Light will pass through two polarizing filters with their axes of polarization aligned. However, when two polarizing filters have their polarizing axes “crossed” (i.e., at right angles), no light will be transmitted.
The possibilities for designing a display case on visual perception are endless! Perhaps the simplest approach is to use printed illusions. Figures and photos of visual illusions found in books may be photocopied. Engaging posters may be purchased in both shops and on the Internet. Suggestions for viewing the images along with brief explanations of the illusions are recommended. While not physically interactive, a display of illusory images has the power to engage and amaze.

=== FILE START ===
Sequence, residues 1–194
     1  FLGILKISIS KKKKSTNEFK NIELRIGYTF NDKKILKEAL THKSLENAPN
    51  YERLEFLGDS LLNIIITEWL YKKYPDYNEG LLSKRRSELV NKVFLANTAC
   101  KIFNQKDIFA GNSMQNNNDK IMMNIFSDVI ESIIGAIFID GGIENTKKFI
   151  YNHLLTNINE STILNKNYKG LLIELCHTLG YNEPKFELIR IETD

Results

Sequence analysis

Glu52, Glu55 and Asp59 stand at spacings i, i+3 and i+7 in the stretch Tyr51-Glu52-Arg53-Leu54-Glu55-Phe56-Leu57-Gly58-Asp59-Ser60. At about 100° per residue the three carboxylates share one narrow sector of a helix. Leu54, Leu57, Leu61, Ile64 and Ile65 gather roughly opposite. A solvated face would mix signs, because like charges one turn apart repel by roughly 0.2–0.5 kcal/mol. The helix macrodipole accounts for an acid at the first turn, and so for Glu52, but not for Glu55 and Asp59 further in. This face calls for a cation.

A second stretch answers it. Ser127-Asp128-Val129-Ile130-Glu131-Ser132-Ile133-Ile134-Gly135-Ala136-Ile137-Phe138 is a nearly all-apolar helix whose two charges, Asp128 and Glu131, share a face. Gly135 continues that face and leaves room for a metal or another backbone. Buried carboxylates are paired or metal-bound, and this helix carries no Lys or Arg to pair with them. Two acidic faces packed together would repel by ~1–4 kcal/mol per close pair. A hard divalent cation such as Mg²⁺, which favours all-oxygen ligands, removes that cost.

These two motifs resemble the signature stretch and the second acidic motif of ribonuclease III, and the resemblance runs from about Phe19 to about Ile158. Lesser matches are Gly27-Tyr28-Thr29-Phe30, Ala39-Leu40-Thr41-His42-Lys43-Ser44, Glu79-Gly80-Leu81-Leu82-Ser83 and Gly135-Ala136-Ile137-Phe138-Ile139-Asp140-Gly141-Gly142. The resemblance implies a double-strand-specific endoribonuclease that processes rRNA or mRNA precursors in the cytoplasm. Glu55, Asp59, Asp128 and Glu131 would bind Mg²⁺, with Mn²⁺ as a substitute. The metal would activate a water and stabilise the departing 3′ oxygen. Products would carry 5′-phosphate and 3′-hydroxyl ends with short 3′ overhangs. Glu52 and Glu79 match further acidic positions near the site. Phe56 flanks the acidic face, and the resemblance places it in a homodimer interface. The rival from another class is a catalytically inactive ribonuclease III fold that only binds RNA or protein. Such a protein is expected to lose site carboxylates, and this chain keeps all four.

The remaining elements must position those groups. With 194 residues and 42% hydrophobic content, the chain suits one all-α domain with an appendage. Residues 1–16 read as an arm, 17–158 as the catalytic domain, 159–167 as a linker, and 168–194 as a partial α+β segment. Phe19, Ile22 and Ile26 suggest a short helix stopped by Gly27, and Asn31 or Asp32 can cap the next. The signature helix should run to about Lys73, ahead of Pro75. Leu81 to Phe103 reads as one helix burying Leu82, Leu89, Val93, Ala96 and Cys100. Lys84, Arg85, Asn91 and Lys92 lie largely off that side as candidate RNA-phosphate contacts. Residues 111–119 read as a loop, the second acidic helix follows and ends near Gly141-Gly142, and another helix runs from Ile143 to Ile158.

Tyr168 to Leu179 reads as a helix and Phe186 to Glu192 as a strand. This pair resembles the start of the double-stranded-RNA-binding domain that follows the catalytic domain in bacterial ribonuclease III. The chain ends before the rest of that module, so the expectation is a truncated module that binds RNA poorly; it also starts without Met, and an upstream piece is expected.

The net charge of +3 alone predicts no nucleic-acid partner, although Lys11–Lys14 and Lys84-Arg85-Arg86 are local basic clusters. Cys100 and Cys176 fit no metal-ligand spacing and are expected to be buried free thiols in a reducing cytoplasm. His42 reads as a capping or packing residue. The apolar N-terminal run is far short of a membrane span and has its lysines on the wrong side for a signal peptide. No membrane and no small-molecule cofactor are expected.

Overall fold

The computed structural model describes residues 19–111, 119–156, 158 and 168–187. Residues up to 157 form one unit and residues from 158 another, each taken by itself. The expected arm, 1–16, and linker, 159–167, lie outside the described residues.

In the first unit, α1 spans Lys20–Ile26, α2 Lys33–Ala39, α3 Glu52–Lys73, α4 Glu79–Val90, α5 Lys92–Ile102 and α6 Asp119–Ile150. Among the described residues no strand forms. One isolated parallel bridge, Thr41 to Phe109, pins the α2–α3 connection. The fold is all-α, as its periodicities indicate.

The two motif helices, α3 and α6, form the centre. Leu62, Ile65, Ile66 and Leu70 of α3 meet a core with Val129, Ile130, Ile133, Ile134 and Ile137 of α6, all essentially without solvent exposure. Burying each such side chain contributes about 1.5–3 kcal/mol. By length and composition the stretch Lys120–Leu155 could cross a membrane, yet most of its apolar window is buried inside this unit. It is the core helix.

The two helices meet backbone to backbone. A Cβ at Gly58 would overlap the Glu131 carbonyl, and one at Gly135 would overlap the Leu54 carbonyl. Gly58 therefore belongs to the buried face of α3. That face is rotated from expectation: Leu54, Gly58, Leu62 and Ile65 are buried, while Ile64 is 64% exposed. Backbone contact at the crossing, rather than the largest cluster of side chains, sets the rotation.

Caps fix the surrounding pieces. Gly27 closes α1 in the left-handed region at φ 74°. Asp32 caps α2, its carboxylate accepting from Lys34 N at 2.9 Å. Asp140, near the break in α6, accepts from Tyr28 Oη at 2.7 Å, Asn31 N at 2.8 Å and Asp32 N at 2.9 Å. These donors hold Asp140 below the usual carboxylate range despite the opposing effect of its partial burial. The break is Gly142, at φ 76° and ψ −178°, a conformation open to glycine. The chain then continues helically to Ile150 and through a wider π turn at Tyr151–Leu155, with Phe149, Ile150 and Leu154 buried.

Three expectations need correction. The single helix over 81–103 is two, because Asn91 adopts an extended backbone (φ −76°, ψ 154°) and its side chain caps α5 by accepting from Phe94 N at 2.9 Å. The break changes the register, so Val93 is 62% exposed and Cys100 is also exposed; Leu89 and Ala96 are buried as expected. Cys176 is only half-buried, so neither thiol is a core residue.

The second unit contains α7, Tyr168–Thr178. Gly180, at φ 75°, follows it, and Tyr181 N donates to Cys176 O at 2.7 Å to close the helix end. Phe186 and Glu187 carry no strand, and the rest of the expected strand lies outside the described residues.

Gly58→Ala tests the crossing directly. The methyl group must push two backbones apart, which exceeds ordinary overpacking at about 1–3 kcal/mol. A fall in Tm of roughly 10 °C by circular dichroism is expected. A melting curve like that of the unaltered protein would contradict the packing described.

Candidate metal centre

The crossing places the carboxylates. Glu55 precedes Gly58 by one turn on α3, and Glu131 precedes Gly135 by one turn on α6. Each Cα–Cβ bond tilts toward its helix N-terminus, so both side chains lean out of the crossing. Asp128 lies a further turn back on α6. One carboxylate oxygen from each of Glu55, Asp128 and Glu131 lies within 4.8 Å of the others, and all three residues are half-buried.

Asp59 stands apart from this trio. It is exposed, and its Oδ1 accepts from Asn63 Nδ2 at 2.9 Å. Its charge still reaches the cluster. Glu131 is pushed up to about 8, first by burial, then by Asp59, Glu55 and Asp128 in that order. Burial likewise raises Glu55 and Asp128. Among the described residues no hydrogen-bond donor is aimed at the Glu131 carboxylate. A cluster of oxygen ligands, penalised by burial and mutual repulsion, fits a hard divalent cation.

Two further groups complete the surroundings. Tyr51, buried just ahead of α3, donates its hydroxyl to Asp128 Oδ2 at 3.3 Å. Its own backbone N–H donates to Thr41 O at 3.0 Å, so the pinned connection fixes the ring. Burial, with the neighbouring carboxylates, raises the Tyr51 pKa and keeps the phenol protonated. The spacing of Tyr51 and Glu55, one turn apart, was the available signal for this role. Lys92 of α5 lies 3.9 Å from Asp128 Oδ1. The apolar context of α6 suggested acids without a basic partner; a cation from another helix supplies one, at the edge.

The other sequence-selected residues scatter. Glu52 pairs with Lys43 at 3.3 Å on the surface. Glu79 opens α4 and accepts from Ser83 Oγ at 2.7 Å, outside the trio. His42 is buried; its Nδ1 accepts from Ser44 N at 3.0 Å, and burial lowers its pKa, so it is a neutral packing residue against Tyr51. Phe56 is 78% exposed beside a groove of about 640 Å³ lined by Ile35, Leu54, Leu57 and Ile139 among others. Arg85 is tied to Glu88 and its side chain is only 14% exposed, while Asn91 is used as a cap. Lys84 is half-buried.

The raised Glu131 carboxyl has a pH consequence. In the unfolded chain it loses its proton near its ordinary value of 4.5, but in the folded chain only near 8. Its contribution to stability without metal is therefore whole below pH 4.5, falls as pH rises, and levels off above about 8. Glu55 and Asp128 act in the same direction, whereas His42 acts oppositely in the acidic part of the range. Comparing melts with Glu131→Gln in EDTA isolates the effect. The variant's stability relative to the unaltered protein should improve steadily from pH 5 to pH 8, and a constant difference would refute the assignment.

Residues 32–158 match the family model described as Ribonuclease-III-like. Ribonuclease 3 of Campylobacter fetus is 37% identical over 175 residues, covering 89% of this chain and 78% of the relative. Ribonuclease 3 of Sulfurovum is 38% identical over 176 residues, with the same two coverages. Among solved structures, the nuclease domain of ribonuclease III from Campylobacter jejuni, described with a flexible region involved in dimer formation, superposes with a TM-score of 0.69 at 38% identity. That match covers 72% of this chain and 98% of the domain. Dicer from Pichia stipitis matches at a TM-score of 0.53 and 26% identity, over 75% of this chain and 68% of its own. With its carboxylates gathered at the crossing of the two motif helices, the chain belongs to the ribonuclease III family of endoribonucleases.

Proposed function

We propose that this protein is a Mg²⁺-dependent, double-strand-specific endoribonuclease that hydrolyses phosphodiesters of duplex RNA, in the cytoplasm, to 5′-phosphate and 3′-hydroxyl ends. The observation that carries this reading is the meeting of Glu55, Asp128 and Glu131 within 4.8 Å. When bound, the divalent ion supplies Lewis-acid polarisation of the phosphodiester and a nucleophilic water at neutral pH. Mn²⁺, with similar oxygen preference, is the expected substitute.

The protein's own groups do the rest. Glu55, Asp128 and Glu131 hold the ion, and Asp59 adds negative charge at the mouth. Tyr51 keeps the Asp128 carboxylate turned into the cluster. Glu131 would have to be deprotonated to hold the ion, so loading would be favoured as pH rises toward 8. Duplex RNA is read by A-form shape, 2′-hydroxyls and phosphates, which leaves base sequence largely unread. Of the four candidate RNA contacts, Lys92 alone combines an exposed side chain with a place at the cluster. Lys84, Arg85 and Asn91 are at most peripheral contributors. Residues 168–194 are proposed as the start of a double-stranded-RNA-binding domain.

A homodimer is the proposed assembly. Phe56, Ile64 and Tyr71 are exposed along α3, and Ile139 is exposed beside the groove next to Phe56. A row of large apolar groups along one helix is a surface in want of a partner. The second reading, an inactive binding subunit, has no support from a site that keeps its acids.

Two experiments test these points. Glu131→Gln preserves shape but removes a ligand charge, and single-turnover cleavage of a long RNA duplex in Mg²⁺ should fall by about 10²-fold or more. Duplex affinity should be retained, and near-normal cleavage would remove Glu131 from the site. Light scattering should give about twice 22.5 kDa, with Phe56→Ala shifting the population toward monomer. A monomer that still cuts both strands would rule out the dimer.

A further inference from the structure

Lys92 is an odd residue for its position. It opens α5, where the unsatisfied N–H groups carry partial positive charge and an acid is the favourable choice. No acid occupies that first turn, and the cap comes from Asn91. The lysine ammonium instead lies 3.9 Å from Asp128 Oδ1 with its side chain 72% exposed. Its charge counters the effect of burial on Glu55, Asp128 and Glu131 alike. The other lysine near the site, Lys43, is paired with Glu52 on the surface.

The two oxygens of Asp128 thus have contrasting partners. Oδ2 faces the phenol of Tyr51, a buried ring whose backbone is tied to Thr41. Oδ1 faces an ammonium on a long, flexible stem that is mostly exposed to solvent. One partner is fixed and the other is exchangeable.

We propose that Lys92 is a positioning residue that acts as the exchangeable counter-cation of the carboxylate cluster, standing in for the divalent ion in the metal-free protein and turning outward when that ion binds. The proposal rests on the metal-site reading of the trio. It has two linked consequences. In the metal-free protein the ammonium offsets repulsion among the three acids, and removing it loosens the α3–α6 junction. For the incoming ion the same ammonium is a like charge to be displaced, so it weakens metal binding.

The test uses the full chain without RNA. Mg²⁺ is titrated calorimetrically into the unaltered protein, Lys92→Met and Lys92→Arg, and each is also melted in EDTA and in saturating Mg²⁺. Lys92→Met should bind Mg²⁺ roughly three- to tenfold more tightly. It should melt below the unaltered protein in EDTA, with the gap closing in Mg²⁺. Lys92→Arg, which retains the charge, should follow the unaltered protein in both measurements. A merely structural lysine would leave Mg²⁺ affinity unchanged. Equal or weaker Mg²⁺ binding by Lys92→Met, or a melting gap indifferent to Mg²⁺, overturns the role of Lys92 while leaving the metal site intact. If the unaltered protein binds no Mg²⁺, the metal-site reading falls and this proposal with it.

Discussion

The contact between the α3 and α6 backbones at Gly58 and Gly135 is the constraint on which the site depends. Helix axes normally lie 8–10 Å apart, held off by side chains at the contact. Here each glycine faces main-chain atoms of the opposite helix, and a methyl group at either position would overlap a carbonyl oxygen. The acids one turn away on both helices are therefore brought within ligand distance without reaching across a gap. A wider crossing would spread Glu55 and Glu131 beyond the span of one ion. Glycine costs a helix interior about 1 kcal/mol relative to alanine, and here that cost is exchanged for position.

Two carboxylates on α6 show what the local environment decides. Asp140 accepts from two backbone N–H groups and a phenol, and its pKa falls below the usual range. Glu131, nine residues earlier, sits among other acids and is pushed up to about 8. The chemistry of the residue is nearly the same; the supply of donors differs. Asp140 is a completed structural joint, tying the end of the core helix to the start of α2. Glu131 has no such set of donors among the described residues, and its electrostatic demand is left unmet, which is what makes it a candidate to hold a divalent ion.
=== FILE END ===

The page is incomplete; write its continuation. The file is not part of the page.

Simple three-dimensional exhibits may also be incorporated into the illusion display case. A collection of reverse masks makes for a great display! We are accustomed to seeing convex faces so it is not surprising that when presented with a concave face, we unconsciously see what we expect to see. The reverse Einstein mask shown here certainly appears to be in relief even though it’s not. But there’s more! When you walk by the face, it appears to follow you. A simple yet effective reverse mask results from viewing the concave side of an inexpensive plastic mask. The effect is often best if the mask is white. Filling a display case with a number of these masks makes for a most eerie exhibit!
Pipes of Pan
A trip to the carpet store was the genesis of the giant ambient noise resonators or Pipes of Pan, as they are sometimes called. Eight carpet tubes mounted on a plywood base became the basis for a rather strange musical instrument. Based on the principle of resonance, the air in each tube vibrates with a frequency determined by the length of the tube. The background noise in a room contains virtually all audible frequencies, and is capable of creating resonant vibrations in each of the tubes.